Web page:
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Friday, September 2, 2011

State unions win a provisional victory; Michigan Gov. Rick Snyder delays layoff notifications

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State of Michigan employees won
provisional victory, as Gov. Rick Snyder
(R) delays layoffs scheduled for Oct 1st

State of Michigan Employees won a temporary reprieve on Thursday, September 1st, 2011 as Gov. Rick Snyder (R) office delayed the possible layoff of up to 47,000 civil service workers to help balance the 2011-12 fiscal year budget.

Governor Snyder’s spokeswoman Sara Wurfel stated to the Detroit Free Press, Snyder wanted more time review some of the alternative suggestions of unions, which include reducing levels of administrative staffing and cutting payments by 10% to state contractors.
Snyder will continue efforts to convince employee unions to reopen contracts a year early to make concessions, spokeswoman Sara Wurfel said.
"He thinks it's more important to do it right than to do it quickly," Wurfel said to the Detroit Free Press, Gov. Snyder is "strongly committed to working with the unions."
Perhaps, Gov. Snyder change in tone on how to negotiate with state employees’ unions have been coupled with the reality of Michigan’s unemployment rate of 10.9% in August 2011 and, his 32% overall approval rating among potential voters. Another 69% of Michiganders believe that Gov. Snyder policies are taking the state in the wrong direction.

Michigan House Representative Fred Durhal, Jr. (D-District 6) spoke on the provisional victory for civil service employees on Reach Out Job Search Radio program Thursday night.
I was at a rally this afternoon of state employees in front of the Cadillac Place which is the state government building. And they were protesting the fact that some of them are scheduled to be lay off. The Governor has decided not to do that, at least not to look at that right now. They are seeking $262 million dollar in concessions from public employees.”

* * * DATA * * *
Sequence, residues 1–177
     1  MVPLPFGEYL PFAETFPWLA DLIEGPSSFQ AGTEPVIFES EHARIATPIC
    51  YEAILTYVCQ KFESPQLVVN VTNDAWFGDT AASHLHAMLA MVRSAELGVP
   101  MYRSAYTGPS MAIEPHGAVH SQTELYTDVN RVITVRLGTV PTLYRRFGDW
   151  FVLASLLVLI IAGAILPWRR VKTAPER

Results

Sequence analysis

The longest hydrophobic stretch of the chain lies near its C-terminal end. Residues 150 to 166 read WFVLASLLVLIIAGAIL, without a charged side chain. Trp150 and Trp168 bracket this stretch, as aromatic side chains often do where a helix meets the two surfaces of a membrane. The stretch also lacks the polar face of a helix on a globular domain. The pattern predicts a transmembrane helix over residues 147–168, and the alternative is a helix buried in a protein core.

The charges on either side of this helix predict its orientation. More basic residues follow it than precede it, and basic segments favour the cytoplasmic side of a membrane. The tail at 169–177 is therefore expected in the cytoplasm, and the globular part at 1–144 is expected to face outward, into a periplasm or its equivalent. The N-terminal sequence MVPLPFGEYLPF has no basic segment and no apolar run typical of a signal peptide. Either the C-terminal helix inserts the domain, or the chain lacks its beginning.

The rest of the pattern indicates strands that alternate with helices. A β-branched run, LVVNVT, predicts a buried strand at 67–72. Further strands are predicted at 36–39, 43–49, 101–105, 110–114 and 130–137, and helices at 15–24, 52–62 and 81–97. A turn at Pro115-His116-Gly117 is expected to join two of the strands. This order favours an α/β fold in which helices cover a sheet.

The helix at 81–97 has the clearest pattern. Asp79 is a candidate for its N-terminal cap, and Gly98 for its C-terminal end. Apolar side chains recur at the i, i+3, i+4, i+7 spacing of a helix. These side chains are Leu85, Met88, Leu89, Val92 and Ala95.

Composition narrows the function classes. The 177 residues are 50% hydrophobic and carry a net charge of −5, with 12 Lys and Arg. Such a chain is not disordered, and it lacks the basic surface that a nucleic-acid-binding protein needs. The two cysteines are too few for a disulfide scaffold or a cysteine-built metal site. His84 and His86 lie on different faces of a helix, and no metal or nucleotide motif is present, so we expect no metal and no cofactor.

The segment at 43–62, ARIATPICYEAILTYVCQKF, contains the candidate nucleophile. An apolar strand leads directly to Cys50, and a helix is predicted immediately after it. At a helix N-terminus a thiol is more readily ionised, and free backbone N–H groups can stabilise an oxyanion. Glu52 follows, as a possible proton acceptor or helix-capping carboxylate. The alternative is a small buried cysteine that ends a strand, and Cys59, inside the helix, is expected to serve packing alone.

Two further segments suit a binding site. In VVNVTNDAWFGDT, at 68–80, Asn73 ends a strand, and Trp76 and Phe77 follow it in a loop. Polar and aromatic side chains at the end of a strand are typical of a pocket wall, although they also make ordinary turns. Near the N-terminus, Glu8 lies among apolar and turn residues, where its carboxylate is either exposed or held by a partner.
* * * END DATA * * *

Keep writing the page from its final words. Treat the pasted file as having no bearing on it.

Snyder’s decision to delay lay-offs of civil services employees, come on the heels of another victory by state of Michigan employees’ unions on Friday, August 26th, when the Michigan Court of Appeals ruled against governmental budget-balancing move by former Gov. Jennifer Granholm, to devote 3% of their pay to cover retiree health care benefits, unconstitutional.
“(State employees) have been asked year, after year, after year to give up, give up, give up give. My statement was at a point, you don’t have anything to give. I think it’s’ crazy to expect state employees to balance the budget”, he said.

“It is not their fault…every one of those people that work for the government; we should look at them as gold. They have a job, they pay taxes, they go in the community and go to the stores and shop….their money go around the community and comes back”, Rep. Dural, Jr. cited.
Rep. Durhal, Jr. noted on Reach Out Job Search Radio that massive layoffs of state employees costs all Michigan citizens in the long run, compounding fiscal budgetary balance issues later.
“The alternative for that is to lay those (State employees) off and put them on unemployment, which was reduced down from 26 weeks to 20 weeks. And after they do the extensions, if they have any, then go to onto social services. (Next) we carry them for up to 48 months based on what they done just recently,” he cited. 
“In both cases, we pay 100% of unemployment, 100% of welfare get nothing back. They need to work. We don’t need to add to the unemployment rate. We need to keep the folks we have and try to find something else to do”, he replied.
Michigan budget adopted by the Republican controlled Legislature and signed by Snyder in May 2011, was framed around achieving $262 million in savings from employee concessions. Union leaders, based on their contracts termination dates, have rightfully declined requests to reopen negotiations, as their agreements don't expire until the end of 2012.

Governor Snyder’s spokeswoman Sara Wurfel noted Snyder will send a formal request to the Civil Service Commission to analyze staffing ratios, make recommendations and analysis potential savings from reducing fees to state contractors.

Snyder’s budget officials’ claim state government has sought concessions from its contractors on three occasions in recent years, with little to show for it.

Wurfel noted to the Detroit Free Press any contractor based savings probably couldn’t come quickly enough to balance the budget in 2012, an assertion Mel Greishaber, Executive Director for the Michigan’s Corrections Organization disputed.
"What they're saying if they won't try it is that they think vendors can't be squeezed, but state employees can be," Greishaber cited.
Contract costs also are under review, Wurfel said. 

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